The year opened, as always in the UK, with Oscar movies: The Wrestler, Doubt, Frost/Nixon, Gran Torino, Milk, The Reader, Revolutionary Road and of course Slumdog Millionaire gave fans of serious drama plenty to feed upon.
After that, the much anticipated Watchmen movie was solid without being spectacular. I'm not really sure how you could have made that movie any better. Unfortunately, its reverence for the source material meant I felt like I was merely reading the ground-breaking graphic novel again rather than watching something inspirational.
Star Trek opened the summer's blockbusters, and nothing managed to match it quality-wise after that. Transformers 2 was a huge disappointment for audiences, but not for the studio: who raked in one of the best opening weekends for a movie ever.
Finally, Harry Potter managed to be the year's biggest film: proof Warner Bros was right to split the final book into two and get double their money.
Later in the year Twilight outdid everyone's expectations at the box office, despite only appealing to 50% of the cinema-going population. Expect to see more movies like this try and captivate the teen-girl market over the next few years.
Finally, Avatar set new standards for visuals taking us to a new world like no other movie has. I hope its a taste of things to come. I fear, however, it will take the rest of the industry many years to catch up.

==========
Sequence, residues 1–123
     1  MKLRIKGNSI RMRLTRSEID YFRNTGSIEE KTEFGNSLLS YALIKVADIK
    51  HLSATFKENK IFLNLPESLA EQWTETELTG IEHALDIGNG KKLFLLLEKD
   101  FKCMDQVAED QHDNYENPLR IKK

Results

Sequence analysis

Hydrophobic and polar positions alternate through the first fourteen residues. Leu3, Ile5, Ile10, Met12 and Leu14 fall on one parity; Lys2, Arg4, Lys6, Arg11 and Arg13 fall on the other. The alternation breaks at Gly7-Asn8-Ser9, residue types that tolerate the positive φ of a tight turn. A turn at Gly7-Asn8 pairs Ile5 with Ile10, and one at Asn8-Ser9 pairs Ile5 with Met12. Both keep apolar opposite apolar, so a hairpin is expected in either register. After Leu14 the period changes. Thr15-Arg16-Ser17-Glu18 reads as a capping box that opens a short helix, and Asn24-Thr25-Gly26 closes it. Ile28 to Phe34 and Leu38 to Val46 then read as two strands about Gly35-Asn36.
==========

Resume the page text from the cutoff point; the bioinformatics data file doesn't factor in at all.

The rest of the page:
2009 will be remembered for a number of things. Some critics have noted the successes of films without known leads, and conversely the failure of films with previously bankable stars.
Many of the year's biggest films: District 9, Star Trek, Paranormal Activity, and the Hangover had no big stars to attract movie-goers to the cinema. Conversely, Land of the Lost; Funny People; and Year One were all box office losers despite starring household names in Ferrell, Sandler and Black respectively.
I also think the quality of animations this year has been very high: Coraline; Cloudy with a Chance of Meatballs; Up; Monsters vs Aliens; Fantastic Mr Fox and Bolt were all very enjoyable movies. The Academy seems to have taken note of this, and for only the second time since the award was introduced in 2001, there will now be five nominees instead of three.
Finally, it was the year 3-D hit the mainstream: starting with My Bloody Valentine and ending with Avatar, movie-goers have come to expect animations and slashers to reach that extra dimension. Expect movies with explosions and probably super-hero movies to follow suit in the succeeding years.